While the COVID-19 pandemic has had an enormous global impact, humans aren’t the only ones who found their daily lives disrupted. Two University of Manitoba researchers from the faculty of environment, earth and resources’s Natural Resources Institute have been looking at bird activity during quarantines and how it differs from their usual habits.
Professor Nicola Koper and postdoctoral fellow Michael Schrimpf are part of a core analysis team along with other academics across North America and scientists at Environment and Climate Change Canada. Using long-term monitoring data from the Cornell University lab of ornithology’s eBird program, they’re comparing baseline activity from 2017 to 2019 with behaviour from March to May of 2020. Bird populations near busy areas, such as airports or cities, are of particular interest.
Established in 2002 by the Cornell lab and the National Audubon Society, eBird collects data from volunteers all over the world for scientific use.
It’s one of the world’s biggest biodiversity projects with over 100 million sightings added each year.
Koper and Schrimpf both said the combination of COVID-19 quarantines and a global data set made for a dramatic but welcome change.
“It made it way easier in a lot of ways to reach out to anyone who is the best expert in the world, because there was no tendency to focus on people who were geographically closer to you,” Koper said.
“Most of the time, I would go out and analyze data that [my students and I] collected, and so by definition we’re going to be restricted in terms of what area we look at. But now, because we were working with this data collected by volunteers from all over the world, all of a sudden it was like — well, why wouldn’t we look at […] a very large part of the continent in order to see what’s going on at really a much bigger scale than I normally would have?”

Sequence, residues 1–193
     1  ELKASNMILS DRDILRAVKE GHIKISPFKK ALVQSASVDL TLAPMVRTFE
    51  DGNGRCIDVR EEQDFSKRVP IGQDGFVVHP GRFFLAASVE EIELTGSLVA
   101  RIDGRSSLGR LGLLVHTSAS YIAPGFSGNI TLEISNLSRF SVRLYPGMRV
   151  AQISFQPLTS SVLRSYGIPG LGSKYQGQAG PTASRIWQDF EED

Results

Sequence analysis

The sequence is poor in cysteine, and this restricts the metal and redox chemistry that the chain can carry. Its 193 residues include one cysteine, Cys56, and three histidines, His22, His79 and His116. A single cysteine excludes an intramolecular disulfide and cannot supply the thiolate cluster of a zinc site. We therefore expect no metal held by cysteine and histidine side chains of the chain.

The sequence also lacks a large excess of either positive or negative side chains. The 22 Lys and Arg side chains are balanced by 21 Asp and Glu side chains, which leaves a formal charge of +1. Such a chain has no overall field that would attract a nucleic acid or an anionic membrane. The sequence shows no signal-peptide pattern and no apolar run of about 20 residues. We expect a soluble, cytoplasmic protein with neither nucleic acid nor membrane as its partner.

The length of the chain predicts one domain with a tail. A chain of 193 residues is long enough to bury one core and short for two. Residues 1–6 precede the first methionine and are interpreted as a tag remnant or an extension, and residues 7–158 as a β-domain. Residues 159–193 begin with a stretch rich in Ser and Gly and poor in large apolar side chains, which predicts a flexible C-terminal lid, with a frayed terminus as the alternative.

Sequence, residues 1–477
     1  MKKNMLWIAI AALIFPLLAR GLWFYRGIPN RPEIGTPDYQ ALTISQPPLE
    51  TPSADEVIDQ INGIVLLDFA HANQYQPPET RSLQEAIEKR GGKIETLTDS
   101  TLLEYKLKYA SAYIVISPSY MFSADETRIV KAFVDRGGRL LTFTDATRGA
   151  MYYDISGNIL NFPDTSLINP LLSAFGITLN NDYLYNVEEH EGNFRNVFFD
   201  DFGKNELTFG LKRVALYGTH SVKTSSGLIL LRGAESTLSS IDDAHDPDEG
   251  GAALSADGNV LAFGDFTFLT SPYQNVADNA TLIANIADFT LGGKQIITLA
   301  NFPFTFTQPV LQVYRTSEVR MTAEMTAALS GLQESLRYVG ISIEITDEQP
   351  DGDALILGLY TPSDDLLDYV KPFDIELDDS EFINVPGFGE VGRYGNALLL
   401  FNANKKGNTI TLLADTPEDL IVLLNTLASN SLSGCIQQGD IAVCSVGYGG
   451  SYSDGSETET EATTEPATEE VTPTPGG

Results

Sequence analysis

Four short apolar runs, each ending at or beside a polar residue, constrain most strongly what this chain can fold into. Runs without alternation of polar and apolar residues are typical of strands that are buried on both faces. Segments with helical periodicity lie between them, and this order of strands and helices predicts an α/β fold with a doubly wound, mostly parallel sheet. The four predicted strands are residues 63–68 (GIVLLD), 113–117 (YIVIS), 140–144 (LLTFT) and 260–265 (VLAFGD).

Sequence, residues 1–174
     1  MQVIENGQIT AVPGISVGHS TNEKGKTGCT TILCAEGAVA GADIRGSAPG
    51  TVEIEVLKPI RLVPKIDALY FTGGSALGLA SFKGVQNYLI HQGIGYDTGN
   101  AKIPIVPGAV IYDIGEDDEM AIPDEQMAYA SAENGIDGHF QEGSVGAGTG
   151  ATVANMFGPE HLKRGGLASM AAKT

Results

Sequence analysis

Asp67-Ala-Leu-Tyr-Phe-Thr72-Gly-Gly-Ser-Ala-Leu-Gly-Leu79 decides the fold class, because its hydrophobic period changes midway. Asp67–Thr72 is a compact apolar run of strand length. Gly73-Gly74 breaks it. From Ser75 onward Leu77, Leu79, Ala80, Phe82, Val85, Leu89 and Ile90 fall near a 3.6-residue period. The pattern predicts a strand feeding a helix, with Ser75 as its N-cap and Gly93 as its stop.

While their findings have not yet been published, the duo hopes the unexpected benefits of COVID-19 research will continue after the pandemic is less severe. Ever since the internet became widely accessible, the rising popularity of volunteer-based data sites — not just in science, but across many research fields — has become a powerful tool.
“I think anything that allows us to reach out and learn from more people is going to be good for science,” Koper said.
“That’s the sort of comprehensiveness that we just did not have prior to [COVID-19],” Schrimpf said.
“Having that community science, that citizen science involvement, is important to establishing this very large data set.”
For those interested in birdwatching, Koper and Schrimpf recommend the free Merlin bird identification app, also created by the Cornell lab, as a good place to start. eBird is also free and open to anyone who wants to help collect data.
“Moving forward, the pandemic is not over,” Schrimpf said.
“As the respiratory virus season continues and we might have more stringent shutdowns to look forward to — hopefully not, but if that were to happen, or even if people want to go about their lives and feel like they’re contributing a little bit to science, I really encourage them to look into programs like this.”